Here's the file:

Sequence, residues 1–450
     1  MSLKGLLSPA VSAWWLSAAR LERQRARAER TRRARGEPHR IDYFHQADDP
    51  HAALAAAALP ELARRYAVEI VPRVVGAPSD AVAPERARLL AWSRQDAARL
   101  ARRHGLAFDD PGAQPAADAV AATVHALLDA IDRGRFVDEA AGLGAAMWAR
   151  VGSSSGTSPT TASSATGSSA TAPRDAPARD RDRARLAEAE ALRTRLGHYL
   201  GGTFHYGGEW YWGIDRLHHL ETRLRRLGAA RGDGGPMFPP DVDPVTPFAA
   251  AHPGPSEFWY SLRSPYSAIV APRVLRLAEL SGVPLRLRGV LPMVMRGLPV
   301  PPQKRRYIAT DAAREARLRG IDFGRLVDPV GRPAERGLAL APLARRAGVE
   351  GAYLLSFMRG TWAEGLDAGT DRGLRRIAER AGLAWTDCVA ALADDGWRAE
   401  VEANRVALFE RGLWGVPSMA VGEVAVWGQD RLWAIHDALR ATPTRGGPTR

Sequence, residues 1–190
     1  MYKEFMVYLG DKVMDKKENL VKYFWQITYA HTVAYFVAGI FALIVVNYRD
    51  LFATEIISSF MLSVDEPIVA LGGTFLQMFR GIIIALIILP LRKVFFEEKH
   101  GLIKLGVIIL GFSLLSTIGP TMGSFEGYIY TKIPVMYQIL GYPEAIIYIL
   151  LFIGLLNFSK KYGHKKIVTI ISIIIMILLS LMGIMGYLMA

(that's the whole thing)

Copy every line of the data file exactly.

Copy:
Sequence, residues 1–450
     1  MSLKGLLSPA VSAWWLSAAR LERQRARAER TRRARGEPHR IDYFHQADDP
    51  HAALAAAALP ELARRYAVEI VPRVVGAPSD AVAPERARLL AWSRQDAARL
   101  ARRHGLAFDD PGAQPAADAV AATVHALLDA IDRGRFVDEA AGLGAAMWAR
   151  VGSSSGTSPT TASSATGSSA TAPRDAPARD RDRARLAEAE ALRTRLGHYL
   201  GGTFHYGGEW YWGIDRLHHL ETRLRRLGAA RGDGGPMFPP DVDPVTPFAA
   251  AHPGPSEFWY SLRSPYSAIV APRVLRLAEL SGVPLRLRGV LPMVMRGLPV
   301  PPQKRRYIAT DAAREARLRG IDFGRLVDPV GRPAERGLAL APLARRAGVE
   351  GAYLLSFMRG TWAEGLDAGT DRGLRRIAER AGLAWTDCVA ALADDGWRAE
   401  VEANRVALFE RGLWGVPSMA VGEVAVWGQD RLWAIHDALR ATPTRGGPTR

Sequence, residues 1–190
     1  MYKEFMVYLG DKVMDKKENL VKYFWQITYA HTVAYFVAGI FALIVVNYRD
    51  LFATEIISSF MLSVDEPIVA LGGTFLQMFR GIIIALIILP LRKVFFEEKH
   101  GLIKLGVIIL GFSLLSTIGP TMGSFEGYIY TKIPVMYQIL GYPEAIIYIL
   151  LFIGLLNFSK KYGHKKIVTI ISIIIMILLS LMGIMGYLMA